This method is for people who wish to achieve a more muscular physique. The goal here is to get adequate protein and enough calories as per your goal. If you wish to maximize your strength and muscular potential 2.2 to even 2.5 grams of protein per Kg body is advisable. The higher end of protein intake is recommended during a fat loss phase. Carbohydrates and fats can be adjusted as per.
4. IIFYM Classic
IIFYM aka ‘If It Fits Your Macros’ is perhaps the most popular flexible diet strategy in the world. Major credits for the popularity go to Fitness YouTubers and influencers. IIFYM puts a constraint on daily macronutrient intake but not the type of food one eats. It allows a person to achieve high levels of fitness goals without compromising on taste.
Suppose on an IIFYM diet a person aims to consume 200g Protein, 250g Carbohydrates and 80g Fats per day, and by the end of the day, he/she has only eaten 50g Carbs, remaining 200g can be compensated eating rice, oats, pizza, chocolates or shakes as per person’s desire. IIFYM is surely worth giving a try but it does have the following limitation:
- Lack of micro & phytonutrients: Since IIFYM primarily focuses on macronutrients, there is a risk of missing out on key micronutrients due to poor food choices. A hundred grams of rice and a pack of chocolates might have the same macronutrient profiles but there a huge difference in micronutrients and fiber content.
- Inaccuracy: This is an extremely common problem people face trying IIFYM i.e. error in calculating macronutrients. People frequently complain of not losing weight despite being on a caloric deficit, the truth is: they are actually not in a deficit and simply miscalculating macros.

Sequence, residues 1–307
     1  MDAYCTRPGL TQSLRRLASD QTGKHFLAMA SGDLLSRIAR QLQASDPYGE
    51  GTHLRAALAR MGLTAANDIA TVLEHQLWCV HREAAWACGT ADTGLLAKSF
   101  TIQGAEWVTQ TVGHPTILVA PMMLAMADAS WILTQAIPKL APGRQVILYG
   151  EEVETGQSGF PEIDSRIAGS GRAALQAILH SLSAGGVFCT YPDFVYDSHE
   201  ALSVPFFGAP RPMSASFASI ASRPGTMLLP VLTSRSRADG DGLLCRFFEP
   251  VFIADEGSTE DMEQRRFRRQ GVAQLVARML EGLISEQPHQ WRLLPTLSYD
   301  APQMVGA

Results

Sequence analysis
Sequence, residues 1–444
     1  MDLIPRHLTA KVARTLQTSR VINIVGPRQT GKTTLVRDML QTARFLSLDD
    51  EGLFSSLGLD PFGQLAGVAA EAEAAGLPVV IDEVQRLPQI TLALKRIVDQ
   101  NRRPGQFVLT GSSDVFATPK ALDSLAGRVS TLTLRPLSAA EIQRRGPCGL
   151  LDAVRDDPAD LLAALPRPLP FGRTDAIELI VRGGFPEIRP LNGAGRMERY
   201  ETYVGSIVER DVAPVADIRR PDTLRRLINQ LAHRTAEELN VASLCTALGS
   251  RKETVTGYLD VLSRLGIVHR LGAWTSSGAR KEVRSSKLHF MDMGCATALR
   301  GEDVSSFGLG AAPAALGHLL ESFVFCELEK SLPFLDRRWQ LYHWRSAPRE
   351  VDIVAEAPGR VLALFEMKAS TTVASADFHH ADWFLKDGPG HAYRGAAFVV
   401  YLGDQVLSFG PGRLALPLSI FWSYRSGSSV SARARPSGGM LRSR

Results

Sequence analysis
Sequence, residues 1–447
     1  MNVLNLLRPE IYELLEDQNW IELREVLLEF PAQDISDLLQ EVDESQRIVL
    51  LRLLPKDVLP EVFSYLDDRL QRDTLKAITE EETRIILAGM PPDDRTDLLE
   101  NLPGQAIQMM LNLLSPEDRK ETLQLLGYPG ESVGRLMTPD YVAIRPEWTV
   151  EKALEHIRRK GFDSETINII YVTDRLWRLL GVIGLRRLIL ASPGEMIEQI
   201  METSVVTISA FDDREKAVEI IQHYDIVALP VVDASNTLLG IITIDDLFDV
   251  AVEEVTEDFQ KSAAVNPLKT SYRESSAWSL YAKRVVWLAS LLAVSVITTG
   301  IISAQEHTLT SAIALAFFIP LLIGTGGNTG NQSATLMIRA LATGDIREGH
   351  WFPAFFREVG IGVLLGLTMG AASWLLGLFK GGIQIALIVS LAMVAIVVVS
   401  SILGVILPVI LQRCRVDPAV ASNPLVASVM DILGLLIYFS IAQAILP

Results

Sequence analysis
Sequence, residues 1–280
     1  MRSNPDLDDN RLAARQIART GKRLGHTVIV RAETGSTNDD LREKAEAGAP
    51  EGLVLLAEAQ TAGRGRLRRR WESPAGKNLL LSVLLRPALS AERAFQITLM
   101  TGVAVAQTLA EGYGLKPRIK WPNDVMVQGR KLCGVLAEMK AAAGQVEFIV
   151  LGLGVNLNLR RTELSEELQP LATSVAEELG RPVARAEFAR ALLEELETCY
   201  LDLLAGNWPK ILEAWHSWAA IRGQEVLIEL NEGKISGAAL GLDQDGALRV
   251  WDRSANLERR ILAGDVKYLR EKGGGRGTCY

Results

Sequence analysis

- Mental Fatigue: As there is a lot of random food consumption on an IIFYM diet, there is a lot of calculation required. This task irrespective of nutrition experience adds up to a lot of mental stress.
5. IIFYM (Alpha)
This is how I recommend my clients to eat, it is how they achieve results and are able to maintain it for lifelong. We take advantage of flexibility in IIFYM, yet add a little structure to the overall diet to increase accuracy and reduce mental fatigue. Firstly, we make sure there are some fixed meals like a serving or two of fruits for micronutrients and a serving or two of nuts for healthy fats. Next, instead of solely focusing on daily macros, we aim to hit macros per meal, keeping it possibly as similar as planned.
For example, if a person has 70g carbs in lunch for which he is supposed to eat 10o gram rice, he can replace that with some other food item having a similar macronutrient profile like 3 rotis, 4 slices of bread and even a burger. This strategy works far better than regular IIFYM.